Overall, neighborhood correlations are quite small for all but the most severe offenders, and even these are much lower than their corresponding sibling correlations. If the simple linear additive model posited in Eq. 1 is correct, then this result would indicate that factors shared by siblings other than shared neighborhoods are more important for an individual’s criminality than factors shared by individuals growing up in the same neighborhood. At the same time, if we relate the size of our estimated neighborhood correlations to the size of the comparable sibling correlations, neighborhood correlations have the potential to explain between 7 and 13 % of the sibling correlation beyond that explained by our full set of family-specific control variables. This is similar to the amount accounted for by parental education and income. As such, neighborhoods cannot be disregarded as unimportant.

One potential explanation for our small estimated neighborhood correlations is that our definition of neighborhoods is too broad, both in the geographical sense and in the sense that neighborhoods may not map well into peer groups. Alternatively, one might want to focus more on the schools that children attend (as in Gaviria and Raphael 2001, Calvó-Armengol et al. 2009, and Liu et al. 2012) or on close neighbors. Sariaslan et al. (2013) study younger cohorts and, therefore, have access to more narrow measures of neighborhoods. They look within the Small Area Marketing codes created by Statistics Sweden to define small, homogenous neighborhoods. They also look within schools. But they still find no large neighborhood effect.

Brännström (2004) argues that the small neighborhood effects reported in many Swedish studies may be due to the success of the Swedish welfare state. This is certainly one possibility. For the USA, Johnson (2007) reports large neighborhood correlations in criminal behavior and incarceration. He also reports that growing up in low-quality neighborhoods increases the likelihood that one has ever been incarcerated. On the other hand, neighborhood correlations in educational attainment are quite similar in the USA and Sweden and quite small.^{Footnote 38} It may, therefore, be hard to argue that our result is “Sweden specific”. Lastly, one should keep in mind that we are studying the overall neighborhood effect and not the effect of growing up in an extremely disadvantaged neighborhood.^{Footnote 39}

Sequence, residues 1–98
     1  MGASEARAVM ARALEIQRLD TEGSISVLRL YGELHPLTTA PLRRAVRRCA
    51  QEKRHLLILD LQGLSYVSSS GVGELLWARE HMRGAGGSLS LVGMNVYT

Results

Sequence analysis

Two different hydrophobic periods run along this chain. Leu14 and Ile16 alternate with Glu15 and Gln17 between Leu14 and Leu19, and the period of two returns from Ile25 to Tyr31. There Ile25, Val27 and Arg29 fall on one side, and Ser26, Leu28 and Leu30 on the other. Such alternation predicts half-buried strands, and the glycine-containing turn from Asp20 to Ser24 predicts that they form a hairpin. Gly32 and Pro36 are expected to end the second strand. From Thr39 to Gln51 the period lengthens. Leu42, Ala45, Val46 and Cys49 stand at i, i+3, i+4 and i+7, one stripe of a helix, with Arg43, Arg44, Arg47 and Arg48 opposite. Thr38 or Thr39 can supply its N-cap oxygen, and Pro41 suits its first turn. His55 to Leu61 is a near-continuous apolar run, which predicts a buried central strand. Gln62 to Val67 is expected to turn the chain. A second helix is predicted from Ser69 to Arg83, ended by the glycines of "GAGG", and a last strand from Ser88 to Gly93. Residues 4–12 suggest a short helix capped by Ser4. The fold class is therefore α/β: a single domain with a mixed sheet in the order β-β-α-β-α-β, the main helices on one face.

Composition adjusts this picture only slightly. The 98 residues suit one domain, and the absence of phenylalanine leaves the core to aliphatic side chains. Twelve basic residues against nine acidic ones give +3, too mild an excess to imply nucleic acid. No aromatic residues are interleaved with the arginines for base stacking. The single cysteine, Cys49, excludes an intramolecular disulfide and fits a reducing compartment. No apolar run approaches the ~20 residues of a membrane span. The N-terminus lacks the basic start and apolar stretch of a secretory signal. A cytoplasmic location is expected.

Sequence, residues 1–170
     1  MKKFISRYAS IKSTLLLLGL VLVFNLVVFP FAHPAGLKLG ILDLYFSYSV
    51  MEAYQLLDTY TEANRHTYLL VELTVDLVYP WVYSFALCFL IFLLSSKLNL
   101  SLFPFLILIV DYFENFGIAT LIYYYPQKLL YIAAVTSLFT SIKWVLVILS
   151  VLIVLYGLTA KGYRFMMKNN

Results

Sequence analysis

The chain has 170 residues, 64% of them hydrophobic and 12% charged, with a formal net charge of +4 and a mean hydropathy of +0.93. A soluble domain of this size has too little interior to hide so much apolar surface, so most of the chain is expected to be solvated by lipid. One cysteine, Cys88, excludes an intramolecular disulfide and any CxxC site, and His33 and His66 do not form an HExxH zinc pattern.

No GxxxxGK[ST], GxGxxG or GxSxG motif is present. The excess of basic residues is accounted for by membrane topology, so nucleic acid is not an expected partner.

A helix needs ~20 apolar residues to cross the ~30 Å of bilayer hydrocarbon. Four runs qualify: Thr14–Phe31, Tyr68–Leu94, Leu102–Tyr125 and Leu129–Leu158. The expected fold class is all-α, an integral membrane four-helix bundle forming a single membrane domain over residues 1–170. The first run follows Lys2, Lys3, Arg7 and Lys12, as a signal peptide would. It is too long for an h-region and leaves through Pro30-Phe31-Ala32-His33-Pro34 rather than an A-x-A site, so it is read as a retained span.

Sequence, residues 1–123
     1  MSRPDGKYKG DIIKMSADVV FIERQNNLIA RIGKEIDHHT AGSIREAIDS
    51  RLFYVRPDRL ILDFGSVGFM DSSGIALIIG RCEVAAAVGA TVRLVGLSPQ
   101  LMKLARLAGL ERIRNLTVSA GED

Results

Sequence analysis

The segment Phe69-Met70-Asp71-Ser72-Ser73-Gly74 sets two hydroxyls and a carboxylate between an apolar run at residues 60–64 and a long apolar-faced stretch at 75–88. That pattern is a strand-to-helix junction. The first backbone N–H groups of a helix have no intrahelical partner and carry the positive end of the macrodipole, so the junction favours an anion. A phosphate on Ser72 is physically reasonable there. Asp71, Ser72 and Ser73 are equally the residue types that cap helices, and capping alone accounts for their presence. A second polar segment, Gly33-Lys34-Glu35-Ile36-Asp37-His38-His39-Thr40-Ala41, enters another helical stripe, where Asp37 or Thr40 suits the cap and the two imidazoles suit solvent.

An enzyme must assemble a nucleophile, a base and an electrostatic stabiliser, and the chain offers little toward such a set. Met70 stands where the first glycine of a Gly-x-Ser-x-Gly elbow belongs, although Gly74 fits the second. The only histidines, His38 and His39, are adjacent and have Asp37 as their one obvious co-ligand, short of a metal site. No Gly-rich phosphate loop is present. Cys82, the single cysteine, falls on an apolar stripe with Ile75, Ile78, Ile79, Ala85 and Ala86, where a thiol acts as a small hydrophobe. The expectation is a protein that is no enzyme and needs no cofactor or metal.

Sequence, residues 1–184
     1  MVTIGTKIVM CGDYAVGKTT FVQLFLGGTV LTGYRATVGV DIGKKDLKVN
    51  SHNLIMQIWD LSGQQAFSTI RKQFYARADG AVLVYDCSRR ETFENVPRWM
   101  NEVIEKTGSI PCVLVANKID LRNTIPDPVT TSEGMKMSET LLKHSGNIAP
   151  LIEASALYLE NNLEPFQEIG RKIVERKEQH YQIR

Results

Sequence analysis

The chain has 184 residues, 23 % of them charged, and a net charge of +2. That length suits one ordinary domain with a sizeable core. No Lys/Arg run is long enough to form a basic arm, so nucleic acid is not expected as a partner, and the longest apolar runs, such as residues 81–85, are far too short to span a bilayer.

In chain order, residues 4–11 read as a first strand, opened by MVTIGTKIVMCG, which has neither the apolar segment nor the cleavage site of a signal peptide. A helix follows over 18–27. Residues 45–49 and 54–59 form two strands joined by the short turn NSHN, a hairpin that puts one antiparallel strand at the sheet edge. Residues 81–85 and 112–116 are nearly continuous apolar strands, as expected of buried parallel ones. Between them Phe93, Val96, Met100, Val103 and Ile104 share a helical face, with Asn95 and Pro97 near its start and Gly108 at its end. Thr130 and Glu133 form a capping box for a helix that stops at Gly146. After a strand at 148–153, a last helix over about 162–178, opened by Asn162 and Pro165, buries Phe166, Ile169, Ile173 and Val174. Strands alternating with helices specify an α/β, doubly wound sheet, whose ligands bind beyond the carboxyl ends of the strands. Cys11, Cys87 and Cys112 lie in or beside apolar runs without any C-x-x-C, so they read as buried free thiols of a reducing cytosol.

To assess the impact that neighborhood quality might have on our sibling correlations, we run an additional experiment. We start by defining a measure of neighborhood quality based on the average education level of parents in the neighborhood, the average income level of parents, and the share of immigrant parents in each neighborhood.^{Footnote 40} We then create a dummy variable equal to one for the 10 % of our sibling sample living in the highest quality neighborhoods and a second dummy variable equal to one for the 10 % of our sibling sample living in the lowest quality neighborhoods. We estimate neighborhood correlations for high- and low-quality neighborhoods, and we produce new estimates of the sibling correlation for siblings living in these high- and low-quality neighborhoods.^{Footnote 41}

In Table 7, we see that the neighborhood correlations are consistently higher in low-quality neighborhoods than in high-quality neighborhoods. More importantly, the ratio between the neighborhood correlation and the sibling correlation is always larger for low-quality neighborhoods than for high-quality neighborhoods. This means that neighborhood effects can potentially explain more of the sibling correlation in low-quality neighborhoods, which leads us to conclude that neighborhood quality may be one of the factors that makes siblings similar in terms of their criminal behavior. However, such neighborhood effects are still smaller in magnitude than the roles played by parental criminality and family structure.

### 5.5 Family and neighborhood interaction effects

It is important to keep in mind that any discussion of the relative importance of family versus neighborhood effects in accounting for the sibling correlation is only really meaningful in the linear additive world described by Eq. 1. If important family-neighborhood interaction effects do exist, then interpreting the results from our accounting exercise is no longer straightforward. For example, the effect of parental education on children’s outcomes may be quite different in a neighborhood with good schools versus one with bad schools. Alternatively, the impact of ethnicity on outcomes may depend on the number of co-ethnics a person lives close to (see, e.g., Edin et al. 2003 and Åslund et al. 2011).

In principle, we would like to test a version of the following random-effects model,

which includes a family-neighborhood interaction term, *a*
_{
f
}
*b*
_{
n
}, in order to ascertain whether or not there exist quantitatively meaningful interaction effects. If not, then the linear additive model may actually be a good representation of the data, even though we know that it is a highly stylized model. In practice, however, the computational burden of estimating this two-way crossed-effects model with an interaction term is extremely challenging (given the very large number of families and neighborhoods in our data). But, more importantly, the ideal data needed to estimate this model simply do not exist—i.e., two relatively closely spaced siblings who grew up in different neighborhoods (of varying quality), but who still lived with both parents in the same intact family.